Resilience for Trauma-Informed Professionals (R-TIP)

Note: The R-TIP program was not responsive to the CEBC's inquiry. The following information was obtained from publicly available sources.

About This Program

Target Population: Any staff member, supervisor, or administrator who works in a context in which services are provided to trauma-exposed individuals, who deliver trauma-informed interventions, or who work with trauma-related information

Program Overview

Resilience for Trauma-Informed Professionals is a training that introduces participants to techniques designed to promote resilience in the face of exposure to trauma-related material. Based on the existing evidence base regarding risk and protective factors for secondary traumatic stress, six core elements are targeted by the curriculum—appraisals, self-efficacy, emotional awareness, affect regulation, resilience, and prevention—as they are implemented across three stages: pre-exposure preparation, coping in the presence of trauma, and recovery in the aftermath of exposure.

Logic Model

The program representative did not provide information about a Logic Model for Resilience for Trauma-Informed Professionals (R-TIP).

Manuals and Training

Publicly available information indicates there is a manual that describes how to deliver this program, and there is some training available for this program.
See contact info below.

Relevant Published, Peer-Reviewed Research

Dierkhising, C. B., & Kerig, P. K. (2018). Pilot evaluation of a university-based training in trauma-informed services for gang intervention workers. Journal of Aggression, Maltreatment & Trauma, 27(3), 291–308.

Type of Study: Pretest–-posttest study with a nonequivalent control group (Quasi-experimental)
Number of Participants: 30


  • Age — Mean=40.21 years
  • Race/Ethnicity — 47% African American, 37% Latino/a, and 13% Mixed/Other/Asian
  • Gender — 50% Female
  • Status — Participants were gang intervention workers.

Location/Institution: Los Angeles, California

Summary: (To include basic study design, measures, results, and notable limitations)
The purpose of the study was to investigate the feasibility and efficacy of a course designed to bring trauma-informed practices into community-based intervention programming for gang-involved youth and families. Participants were program staff assigned to a university-based course on trauma [now called Resilience for Trauma-Informed Professionals (R-TIP)] or to a nontreatment control group. Measures utilized include the Professional Quality of Life Scale (ProQOL), the Perceived Characteristics of Intervention Scale (PCIS), and study-developed surveys. Results indicate that participants in the course significantly improved in their knowledge related to trauma and confidence in their ability to respond to trauma among clients. Participants in the course also rated themselves significantly higher in these domains compared to gang intervention workers who did not take the course. Participants rated the course positively on dimensions that are associated with staff members’ willingness to implement evidence-based interventions following training. Limitations include the small sample size, high attrition rate in the comparison group, lack of follow-up, and lack of generalizability due to the geographic specificity of Los Angeles.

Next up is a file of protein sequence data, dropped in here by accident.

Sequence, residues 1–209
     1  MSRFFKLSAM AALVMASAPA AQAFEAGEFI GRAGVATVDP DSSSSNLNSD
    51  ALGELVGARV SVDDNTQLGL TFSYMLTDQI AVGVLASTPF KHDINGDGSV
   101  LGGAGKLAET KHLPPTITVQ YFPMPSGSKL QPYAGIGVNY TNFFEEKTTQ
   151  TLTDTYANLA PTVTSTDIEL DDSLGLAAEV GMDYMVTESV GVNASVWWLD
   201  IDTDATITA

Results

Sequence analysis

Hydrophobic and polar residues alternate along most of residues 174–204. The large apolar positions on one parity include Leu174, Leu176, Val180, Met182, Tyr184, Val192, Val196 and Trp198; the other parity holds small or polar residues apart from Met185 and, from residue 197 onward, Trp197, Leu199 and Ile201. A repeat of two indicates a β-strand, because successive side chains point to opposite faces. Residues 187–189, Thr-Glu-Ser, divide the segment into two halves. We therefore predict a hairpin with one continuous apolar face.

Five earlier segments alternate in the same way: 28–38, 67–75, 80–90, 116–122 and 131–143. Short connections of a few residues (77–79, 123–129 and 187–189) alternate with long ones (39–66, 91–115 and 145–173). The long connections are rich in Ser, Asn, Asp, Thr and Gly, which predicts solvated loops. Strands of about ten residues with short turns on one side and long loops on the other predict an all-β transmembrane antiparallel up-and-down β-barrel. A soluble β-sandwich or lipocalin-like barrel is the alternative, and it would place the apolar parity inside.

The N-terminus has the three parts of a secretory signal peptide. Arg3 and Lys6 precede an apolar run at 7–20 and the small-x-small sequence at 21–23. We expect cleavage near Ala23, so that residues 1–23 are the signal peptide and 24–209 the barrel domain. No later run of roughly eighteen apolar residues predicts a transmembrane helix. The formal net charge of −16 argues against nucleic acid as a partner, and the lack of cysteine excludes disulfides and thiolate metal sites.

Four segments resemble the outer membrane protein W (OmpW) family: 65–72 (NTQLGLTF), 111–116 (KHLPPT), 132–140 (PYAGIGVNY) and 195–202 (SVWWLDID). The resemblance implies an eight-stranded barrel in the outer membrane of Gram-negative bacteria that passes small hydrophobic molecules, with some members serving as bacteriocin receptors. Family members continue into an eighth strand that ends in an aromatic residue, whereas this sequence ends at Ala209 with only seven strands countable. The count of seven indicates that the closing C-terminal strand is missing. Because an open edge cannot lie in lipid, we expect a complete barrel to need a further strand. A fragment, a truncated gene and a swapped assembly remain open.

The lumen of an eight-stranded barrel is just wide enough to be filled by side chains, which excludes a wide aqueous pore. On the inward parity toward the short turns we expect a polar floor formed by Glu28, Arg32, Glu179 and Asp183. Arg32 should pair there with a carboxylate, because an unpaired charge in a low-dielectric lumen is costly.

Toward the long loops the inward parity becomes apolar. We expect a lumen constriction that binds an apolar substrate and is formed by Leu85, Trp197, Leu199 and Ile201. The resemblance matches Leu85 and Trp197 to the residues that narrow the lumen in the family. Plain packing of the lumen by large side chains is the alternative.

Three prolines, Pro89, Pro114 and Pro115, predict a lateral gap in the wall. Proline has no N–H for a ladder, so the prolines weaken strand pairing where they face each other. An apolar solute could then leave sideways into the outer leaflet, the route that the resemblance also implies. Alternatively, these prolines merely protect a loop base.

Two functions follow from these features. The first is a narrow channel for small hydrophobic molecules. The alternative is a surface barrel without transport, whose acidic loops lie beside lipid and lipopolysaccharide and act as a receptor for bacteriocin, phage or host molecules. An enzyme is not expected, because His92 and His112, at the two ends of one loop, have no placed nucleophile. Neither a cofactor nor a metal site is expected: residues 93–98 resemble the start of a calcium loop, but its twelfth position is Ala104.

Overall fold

Length of controlled postintervention follow-up: None.

Additional References

Kerig, P. K. (2019). Enhancing resilience among providers of trauma-informed care: A curriculum for protection against secondary traumatic stress among non-mental health professionals. Journal of Aggression, Maltreatment & Trauma, 28(5), 613-630. https://doi.og/10.1080/10926771.2018.1468373

Contact Information

Patricia K Kerig, PhD
Title: Professor and Researcher

Date Research Evidence Last Reviewed by CEBC: February 2024

Date Program Content Last Reviewed by Program Staff: May 2024

Date Program Originally Loaded onto CEBC: June 2024